The growing acceptance on Earth of the reality that Earthlings are not alone in the universe may be why the Doctor seems so remarkably unconcerned with the TARDIS being seen as anything other than a police call box, which was rarely the case in the old show. That high-speed TARDIS/car chase in “Runaway Bride”? Whoa: I’m not sure the Time Lords would have stood for something so blatant as that. But the Time Lords are gone, aren’t they? It’s only the Doctor left — even his brother is gone. Brother? (Damn you again, Davies.) I’m tempted to say that if the Doctor isn’t careful, he’s gonna turn into a real companion slut, asking every girl he meets to come travel with him — watching “Bride” and this episode back to back really makes the Doctor look pathetic. But he really is dreadfully alone, isn’t he?
Mostly, though, what I love the most about this episode — except for the sucking-off-the-Doctor bit; I’m never gonna fail to find that highly amusing — is how Davies again refuses to give in to black-and-white. The Judoon really aren’t so bad, even if their adherence to “procedure” makes them seem so at first, and the granny alien bloodsucker really is quite a menace. Perhaps hunting her down did put many more sentient beings at risk than might have been strictly necessary — and perhaps the Judoon fail to understand the civilized concept of “you break it, you bought it” — but hey, they did put the hospital back in the end, didn’t they? There probably would have been a helluva lot of paperwork to do afterward if they hadn’t.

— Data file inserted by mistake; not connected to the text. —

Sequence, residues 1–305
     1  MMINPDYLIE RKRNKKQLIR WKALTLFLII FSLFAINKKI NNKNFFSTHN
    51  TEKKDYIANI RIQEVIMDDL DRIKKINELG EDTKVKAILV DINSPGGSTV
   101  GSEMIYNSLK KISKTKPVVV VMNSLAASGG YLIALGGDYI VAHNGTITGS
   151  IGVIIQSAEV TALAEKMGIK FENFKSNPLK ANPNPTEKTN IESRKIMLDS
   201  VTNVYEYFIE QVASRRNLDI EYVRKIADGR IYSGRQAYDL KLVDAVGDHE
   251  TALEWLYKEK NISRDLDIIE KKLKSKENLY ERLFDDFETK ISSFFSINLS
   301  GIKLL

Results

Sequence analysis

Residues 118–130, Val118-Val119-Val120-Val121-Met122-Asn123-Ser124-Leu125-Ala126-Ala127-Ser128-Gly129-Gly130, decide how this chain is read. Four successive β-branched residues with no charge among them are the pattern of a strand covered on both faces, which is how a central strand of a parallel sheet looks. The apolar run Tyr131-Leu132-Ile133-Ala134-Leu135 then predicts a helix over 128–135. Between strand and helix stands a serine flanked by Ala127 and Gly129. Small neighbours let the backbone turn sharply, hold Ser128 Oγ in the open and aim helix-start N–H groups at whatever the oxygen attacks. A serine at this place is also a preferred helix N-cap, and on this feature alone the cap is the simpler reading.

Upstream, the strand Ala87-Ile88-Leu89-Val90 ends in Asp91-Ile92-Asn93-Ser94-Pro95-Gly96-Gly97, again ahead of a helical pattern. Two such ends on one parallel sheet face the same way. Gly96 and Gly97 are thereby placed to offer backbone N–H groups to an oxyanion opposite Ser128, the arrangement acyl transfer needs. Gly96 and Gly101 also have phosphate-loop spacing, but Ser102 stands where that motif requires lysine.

Random thoughts on “Smith & Jones”:
• Is that Russell Davies outside the hospital talking on his cell phone as Martha goes in early in the episode?
• Hey, there’s that coat rack from the old TARDIS, tucked in a corner… which the Doctor doesn’t use, he just throws his coat anywhere.
• Emmeline Pankhurst, suffragette, stole the Doctor’s laser spanner? Hee.
• I love how Martha refuses to buy this nonsense of the Doctor’s name, or lack thereof. Of course, she doesn’t get the answer she wants, but at least she called him on it.
• What I said about Tennant being a wonderfully physical actor: Expelling the radiation through his sneaker was great. But the Doctor always was good at playing the buffoon when it was convenient for him to do so.
• High-tech Judoon scanner thingie + low-tech Sharpie to the hand = Russell Davies continues to be delightfully clever
• The granny alien vampire keeps her straw in a little granny purse. Hilarious.
• Didja notice the several references to “Mr. Saxon” in this episode? Pay attention to those…
(next: Episode 2: “The Shakespeare Code”)